How to prevent monstera leaves from turning black?

I have some useful tips for you on how to take good care of your monstera and prevent its leaves from turning black.

The right amount of watering

The monstera plant thrives well in evenly moist soil. It doesn’t tolerate dryness well. I suggest you water your plant when you find the top inch of the soil to be dry. This could be done once every two days or four days, depending on the temperature and humidity inside your home. Also, don’t forget that you need to water the plant when it needs it, not based on a strict schedule.

Use of fertilizer

Fertilize your monstera every two weeks or once a month. If you see signs of over-fertilizing, you can adjust the fertilizing schedule accordingly. Avoid misting your plant with fertilizer as it can lead to bacterial growth.

Soil

Make sure the soil you’ve used for your monstera drains well. Use a planter with drainage holes to avoid waterlogging. If you’re suspicious of root rot, remove the plant carefully from the soil, cut off the affected part of the root, and place the plant in a new planter containing a fresh soil mixture.

Temperature and humidity

Monstera plants thrive in environments that are similar to tropical climates. So, make sure the temperature inside your home is between 18 and 29 degrees Celsius. You can maintain a decent humidity level around your plant by misting your plant in the case of low humidity or using a humidifier when the humidity levels are higher.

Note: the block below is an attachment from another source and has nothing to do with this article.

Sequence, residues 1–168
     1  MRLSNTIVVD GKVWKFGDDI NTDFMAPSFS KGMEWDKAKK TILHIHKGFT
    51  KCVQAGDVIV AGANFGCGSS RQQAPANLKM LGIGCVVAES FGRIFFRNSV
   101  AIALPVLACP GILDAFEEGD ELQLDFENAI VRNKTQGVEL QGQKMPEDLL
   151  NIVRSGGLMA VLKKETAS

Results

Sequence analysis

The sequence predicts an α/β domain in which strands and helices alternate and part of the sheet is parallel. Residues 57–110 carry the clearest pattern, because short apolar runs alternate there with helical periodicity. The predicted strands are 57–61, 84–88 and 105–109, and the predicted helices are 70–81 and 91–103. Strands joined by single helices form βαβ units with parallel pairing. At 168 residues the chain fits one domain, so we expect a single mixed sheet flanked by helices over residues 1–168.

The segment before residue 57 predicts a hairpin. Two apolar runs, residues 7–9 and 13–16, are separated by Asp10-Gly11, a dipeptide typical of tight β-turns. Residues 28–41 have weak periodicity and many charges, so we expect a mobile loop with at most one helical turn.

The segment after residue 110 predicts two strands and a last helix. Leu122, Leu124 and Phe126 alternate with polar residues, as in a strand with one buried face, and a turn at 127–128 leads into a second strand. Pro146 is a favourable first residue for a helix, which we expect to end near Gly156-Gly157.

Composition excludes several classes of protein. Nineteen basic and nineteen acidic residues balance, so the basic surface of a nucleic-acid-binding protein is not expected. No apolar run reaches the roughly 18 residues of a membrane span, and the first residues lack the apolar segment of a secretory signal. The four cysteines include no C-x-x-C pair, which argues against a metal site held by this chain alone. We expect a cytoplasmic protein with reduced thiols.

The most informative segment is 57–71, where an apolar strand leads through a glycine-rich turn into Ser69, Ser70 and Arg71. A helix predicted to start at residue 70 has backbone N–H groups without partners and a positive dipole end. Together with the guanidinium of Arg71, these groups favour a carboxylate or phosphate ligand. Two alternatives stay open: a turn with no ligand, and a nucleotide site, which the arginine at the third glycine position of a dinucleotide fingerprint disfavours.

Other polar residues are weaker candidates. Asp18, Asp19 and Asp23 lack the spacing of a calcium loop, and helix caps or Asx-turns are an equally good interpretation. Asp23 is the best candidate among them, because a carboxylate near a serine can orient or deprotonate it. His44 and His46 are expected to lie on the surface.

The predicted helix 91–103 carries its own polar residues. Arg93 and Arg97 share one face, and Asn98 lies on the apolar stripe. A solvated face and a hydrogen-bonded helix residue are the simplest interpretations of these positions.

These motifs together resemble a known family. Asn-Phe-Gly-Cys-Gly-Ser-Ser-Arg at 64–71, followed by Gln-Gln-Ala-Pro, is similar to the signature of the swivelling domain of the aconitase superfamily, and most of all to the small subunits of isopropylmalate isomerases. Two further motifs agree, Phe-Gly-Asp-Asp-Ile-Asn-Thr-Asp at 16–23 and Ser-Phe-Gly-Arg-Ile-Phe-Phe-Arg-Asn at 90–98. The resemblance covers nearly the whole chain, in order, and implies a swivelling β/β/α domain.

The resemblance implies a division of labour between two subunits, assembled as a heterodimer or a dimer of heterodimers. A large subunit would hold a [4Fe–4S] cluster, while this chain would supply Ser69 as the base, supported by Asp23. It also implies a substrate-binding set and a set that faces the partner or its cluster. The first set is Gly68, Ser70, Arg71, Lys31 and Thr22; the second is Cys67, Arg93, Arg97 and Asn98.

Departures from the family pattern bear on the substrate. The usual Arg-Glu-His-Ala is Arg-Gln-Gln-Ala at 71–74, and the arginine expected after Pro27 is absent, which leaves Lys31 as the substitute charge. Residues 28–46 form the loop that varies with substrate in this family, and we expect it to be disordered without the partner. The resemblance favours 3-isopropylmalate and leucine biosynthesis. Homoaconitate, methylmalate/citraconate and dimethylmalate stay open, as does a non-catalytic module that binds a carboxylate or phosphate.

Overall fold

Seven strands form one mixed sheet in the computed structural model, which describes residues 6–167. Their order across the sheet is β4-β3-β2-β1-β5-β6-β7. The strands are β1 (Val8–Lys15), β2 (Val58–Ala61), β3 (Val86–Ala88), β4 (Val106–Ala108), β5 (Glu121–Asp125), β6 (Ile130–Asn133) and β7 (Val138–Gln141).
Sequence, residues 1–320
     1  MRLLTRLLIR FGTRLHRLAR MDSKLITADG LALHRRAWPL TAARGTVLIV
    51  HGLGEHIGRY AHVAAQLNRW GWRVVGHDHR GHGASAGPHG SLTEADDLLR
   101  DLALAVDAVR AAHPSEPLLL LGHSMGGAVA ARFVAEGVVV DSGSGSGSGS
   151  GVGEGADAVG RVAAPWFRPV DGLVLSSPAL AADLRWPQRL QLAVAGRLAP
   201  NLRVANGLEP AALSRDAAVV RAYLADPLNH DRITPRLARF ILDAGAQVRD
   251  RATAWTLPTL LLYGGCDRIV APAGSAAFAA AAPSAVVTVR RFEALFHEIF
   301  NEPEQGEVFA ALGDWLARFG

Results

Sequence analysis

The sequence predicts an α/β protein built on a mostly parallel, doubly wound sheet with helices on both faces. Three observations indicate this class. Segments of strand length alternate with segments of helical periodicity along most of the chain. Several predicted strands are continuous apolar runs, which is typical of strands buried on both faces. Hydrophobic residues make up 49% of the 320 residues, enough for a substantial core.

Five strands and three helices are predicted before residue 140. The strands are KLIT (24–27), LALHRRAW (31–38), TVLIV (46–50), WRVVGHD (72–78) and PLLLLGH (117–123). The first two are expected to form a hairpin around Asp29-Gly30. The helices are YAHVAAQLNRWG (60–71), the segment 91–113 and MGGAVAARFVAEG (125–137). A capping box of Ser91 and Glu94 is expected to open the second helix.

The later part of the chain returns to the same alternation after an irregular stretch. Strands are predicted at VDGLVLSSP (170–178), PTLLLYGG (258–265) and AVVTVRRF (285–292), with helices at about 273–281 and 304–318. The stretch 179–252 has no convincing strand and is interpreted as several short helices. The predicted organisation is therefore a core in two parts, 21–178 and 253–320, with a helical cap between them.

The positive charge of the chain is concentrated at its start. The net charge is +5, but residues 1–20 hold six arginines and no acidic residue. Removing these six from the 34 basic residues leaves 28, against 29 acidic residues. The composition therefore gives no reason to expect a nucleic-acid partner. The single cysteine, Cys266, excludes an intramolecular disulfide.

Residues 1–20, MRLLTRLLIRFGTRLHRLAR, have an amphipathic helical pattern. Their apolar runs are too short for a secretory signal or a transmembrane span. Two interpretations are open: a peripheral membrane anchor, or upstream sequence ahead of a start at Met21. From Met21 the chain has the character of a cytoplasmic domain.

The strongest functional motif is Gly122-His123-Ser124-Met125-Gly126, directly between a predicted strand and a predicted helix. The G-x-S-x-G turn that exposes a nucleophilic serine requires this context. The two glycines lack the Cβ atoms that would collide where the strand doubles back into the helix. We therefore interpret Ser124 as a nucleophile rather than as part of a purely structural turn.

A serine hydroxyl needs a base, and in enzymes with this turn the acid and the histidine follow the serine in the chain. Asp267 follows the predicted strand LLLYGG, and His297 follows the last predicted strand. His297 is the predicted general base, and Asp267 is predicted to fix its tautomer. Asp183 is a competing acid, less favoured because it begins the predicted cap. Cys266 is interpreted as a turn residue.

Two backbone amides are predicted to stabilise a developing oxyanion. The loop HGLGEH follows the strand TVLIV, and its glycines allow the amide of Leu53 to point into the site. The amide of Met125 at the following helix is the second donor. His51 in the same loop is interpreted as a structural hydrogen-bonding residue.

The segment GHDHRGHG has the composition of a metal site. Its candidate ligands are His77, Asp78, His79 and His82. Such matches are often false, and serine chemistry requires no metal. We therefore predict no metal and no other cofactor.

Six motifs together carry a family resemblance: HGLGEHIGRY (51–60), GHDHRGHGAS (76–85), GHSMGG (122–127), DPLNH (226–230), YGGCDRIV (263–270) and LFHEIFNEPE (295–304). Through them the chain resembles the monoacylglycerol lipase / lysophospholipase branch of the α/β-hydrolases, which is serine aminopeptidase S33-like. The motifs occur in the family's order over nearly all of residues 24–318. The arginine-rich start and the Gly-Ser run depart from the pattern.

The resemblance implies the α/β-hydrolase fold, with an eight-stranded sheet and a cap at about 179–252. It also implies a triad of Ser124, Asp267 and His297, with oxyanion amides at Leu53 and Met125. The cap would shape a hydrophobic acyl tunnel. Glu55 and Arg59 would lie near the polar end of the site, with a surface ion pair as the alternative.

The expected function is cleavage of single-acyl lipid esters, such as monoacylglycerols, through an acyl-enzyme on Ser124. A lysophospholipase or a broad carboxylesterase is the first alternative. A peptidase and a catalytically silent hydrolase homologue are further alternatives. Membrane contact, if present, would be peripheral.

Position of the plant

Place your monstera in an area where the plant is not exposed to too much direct sunlight. Of course, a little bit of sunlight will not kill your plant, but indirect sunlight is ideal for this plant.

Precautions against diseases

If you notice black spots developing on any of the leaves, it is best to get rid of them because they could be a sign of a disease. Keeping the leaves dry is a great way to prevent your monstera from developing fungal and bacterial diseases. If you find an infected leaf, cut it off using a pair of scissors immediately.